Virgin Trains launches split ticketing option - can it save you money?

Train fares have just gone up by nearly 6% so if you don’t already use split ticketing it’s worth giving it a go to save money

Teenage girl sat on a train holding a train ticket and her phone, looking out of the window
(Image credit: Getty images)

Train ticket prices went up by 5.9% this month and with the prospect of return train tickets being scrapped, many train travellers will be looking for ways to save on train tickets.

Drum roll: split ticketing. 

Split ticketing isn’t a new concept.  It’s a way to save money on train fares, but not necessarily something you’ll be told about at the station ticket office and, as it involves splitting your journey into different parts and buying lots of tickets instead of just one, you may need to put in some extra leg work to bag that cheaper fare.

And now Virgin Trains Ticketing has just added a split ticketing option to its booking system which means you can get split ticket deals on trains across the National Rail network.  

Split ticketing isn’t a silver bullet, though, as Virgin Trains ticketing director, Mark Plowright explains, revealing even train firms are campaigning for the ticketing system to be simpler.

He says: “Split tickets is just a sticking plaster on the bigger issue of complicated rail fares in the UK. Passengers shouldn’t need to split their tickets to get the best deal; rail fares should be simple, easy to understand and offer the best value for money”

What is split ticketing?

Split ticketing is a way to save money on train fares and works by buying two or more tickets for your trip, instead of just the one.

If your train stops at another station during your trip, even if you don’t get off, you could save money with split ticketing. 

So instead of buying one ticket from the station you get on at, to the one you get off at, buying tickets for different sections of the same journey can work out cheaper.  No need to get off, this works when you stay on the same train, and even sit in the same seat.

Crazy as this sounds, it’s a quirk of train ticketing and all perfectly legal and above board.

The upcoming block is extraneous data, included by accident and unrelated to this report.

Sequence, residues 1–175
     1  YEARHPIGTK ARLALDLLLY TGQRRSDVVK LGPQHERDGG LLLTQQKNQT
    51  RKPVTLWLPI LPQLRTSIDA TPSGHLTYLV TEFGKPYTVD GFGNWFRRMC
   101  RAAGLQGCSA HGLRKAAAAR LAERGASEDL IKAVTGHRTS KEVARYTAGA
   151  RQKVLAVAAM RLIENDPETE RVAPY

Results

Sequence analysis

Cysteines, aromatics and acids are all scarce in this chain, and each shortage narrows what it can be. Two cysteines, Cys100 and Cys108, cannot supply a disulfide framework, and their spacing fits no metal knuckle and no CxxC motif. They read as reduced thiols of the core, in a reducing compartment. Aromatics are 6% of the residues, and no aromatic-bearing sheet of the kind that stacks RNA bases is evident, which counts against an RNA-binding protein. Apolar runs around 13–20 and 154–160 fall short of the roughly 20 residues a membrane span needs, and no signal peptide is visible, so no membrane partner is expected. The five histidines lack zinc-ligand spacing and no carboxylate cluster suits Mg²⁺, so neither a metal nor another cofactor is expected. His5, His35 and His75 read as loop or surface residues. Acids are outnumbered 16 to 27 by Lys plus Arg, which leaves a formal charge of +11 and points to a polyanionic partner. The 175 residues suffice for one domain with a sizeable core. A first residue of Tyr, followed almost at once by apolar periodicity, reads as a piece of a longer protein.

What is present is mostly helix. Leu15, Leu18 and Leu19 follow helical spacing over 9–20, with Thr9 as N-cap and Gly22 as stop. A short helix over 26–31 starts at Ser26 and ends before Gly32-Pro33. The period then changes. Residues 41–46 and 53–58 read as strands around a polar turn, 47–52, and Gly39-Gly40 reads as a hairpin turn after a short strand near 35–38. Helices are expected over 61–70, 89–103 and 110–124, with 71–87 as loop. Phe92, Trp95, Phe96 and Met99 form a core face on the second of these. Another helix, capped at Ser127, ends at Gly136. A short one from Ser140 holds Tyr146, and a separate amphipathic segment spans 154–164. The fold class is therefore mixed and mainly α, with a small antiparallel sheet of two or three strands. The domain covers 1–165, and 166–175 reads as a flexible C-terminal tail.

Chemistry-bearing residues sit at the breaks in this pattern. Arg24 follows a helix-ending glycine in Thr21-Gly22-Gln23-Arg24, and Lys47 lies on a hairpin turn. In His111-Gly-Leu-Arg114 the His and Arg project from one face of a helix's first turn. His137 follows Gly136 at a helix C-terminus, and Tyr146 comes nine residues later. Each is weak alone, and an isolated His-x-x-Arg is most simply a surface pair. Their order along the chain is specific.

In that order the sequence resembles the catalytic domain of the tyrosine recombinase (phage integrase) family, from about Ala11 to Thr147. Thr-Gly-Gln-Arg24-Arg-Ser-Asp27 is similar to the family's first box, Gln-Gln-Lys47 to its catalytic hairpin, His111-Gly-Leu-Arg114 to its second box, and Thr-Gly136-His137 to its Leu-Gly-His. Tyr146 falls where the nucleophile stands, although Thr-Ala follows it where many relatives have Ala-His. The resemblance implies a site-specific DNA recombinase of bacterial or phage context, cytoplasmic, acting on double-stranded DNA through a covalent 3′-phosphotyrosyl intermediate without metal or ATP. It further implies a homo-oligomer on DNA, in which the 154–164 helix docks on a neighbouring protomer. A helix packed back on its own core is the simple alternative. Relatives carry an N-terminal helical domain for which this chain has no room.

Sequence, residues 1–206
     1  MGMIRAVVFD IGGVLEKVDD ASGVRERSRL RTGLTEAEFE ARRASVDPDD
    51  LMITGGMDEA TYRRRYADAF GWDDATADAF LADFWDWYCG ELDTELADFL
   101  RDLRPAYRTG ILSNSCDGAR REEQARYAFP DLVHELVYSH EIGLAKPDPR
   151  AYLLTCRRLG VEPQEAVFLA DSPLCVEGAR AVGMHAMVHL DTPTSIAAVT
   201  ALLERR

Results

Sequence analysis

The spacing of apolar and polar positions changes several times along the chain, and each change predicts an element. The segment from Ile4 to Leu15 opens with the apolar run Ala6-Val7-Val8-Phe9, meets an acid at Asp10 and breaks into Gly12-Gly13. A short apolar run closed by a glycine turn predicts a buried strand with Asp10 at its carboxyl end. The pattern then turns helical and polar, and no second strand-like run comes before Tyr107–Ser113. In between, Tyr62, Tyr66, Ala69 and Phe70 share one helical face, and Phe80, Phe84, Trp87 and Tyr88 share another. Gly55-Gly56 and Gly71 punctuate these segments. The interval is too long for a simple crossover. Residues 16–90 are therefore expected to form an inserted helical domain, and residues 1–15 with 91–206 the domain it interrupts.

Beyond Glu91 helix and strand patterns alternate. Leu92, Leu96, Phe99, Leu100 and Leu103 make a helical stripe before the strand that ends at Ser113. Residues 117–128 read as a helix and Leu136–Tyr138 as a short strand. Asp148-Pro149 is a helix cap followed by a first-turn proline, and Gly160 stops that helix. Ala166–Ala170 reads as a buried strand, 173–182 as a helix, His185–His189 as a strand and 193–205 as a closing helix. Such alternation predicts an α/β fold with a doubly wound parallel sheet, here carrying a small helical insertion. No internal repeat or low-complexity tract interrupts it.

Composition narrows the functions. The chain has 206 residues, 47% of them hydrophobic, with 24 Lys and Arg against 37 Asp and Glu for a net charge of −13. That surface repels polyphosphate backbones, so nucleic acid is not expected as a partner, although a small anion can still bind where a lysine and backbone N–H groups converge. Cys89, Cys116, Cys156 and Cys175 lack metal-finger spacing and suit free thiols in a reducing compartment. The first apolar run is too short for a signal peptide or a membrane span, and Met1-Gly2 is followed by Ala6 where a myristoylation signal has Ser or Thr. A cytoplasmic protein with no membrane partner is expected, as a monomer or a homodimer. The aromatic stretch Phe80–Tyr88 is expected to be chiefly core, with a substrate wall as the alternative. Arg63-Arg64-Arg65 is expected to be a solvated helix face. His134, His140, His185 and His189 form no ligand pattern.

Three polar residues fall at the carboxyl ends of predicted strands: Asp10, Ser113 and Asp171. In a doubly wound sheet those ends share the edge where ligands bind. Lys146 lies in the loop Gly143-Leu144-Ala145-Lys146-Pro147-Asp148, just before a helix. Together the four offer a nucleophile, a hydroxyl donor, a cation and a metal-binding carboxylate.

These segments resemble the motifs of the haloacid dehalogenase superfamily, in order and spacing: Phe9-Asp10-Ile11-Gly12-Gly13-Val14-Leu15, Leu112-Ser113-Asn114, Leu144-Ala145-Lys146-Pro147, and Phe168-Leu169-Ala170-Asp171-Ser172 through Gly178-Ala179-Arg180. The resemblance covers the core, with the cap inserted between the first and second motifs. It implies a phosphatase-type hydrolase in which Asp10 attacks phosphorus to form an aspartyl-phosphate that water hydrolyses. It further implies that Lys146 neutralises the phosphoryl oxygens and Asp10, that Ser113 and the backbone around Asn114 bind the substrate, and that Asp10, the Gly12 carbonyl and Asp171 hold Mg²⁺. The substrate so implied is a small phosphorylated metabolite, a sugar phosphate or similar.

Section 14 of the National Rail conditions of travel say: “you may use a combination of two or more tickets to make a journey provided that the train services you use call at the station(s) where you change from one ticket to another”.

How can I find split ticket fares?

It can be very fiddly to try and do yourself as you’ll need to work out which stations your train stops at and then plug in different options to check out ticket prices. 

It’s far easier to one of the split ticketing websites or apps like Split your Ticket or TrainSplit to work out potential savings.

Or you can check prices through a company like Virgin Trains Ticketing or the Trainline that automatically offers split ticketing savings.

If you’ve got a railcard, you can still use this to save more when booking split tickets too.

How much can I save with split tickets?

How much you can save varies with some websites claiming savings of around 40% while others, like Split My Fare, claim you can save as much as a whopping 90% in some cases.

So for example instead of buying one single ticket from Leeds to Glasgow, which it says could cost £120, you could save a whopping £96.20 buying split tickets.

To make the savings and pay just £23.80 for the same trip, you’d need to buy a ticket from Leeds to Bingley, Bingley to Motherwell, and Motherwell to Glasgow, but you can still stay on the same train.  

While there’s no guarantee you’ll save every time with split ticketing, it’s another tool worth knowing about to help you save.

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Sue Hayward

Sue Hayward is a personal finance and consumer journalist, broadcaster and author who regularly chats on TV and Radio on ways to get more power for your pound.  Sue’s written for a wide range of publications including the Guardian, i Paper, Good Housekeeping, Lovemoney and My Weekly. Cats, cheese and travel are Sue’s passions away from her desk!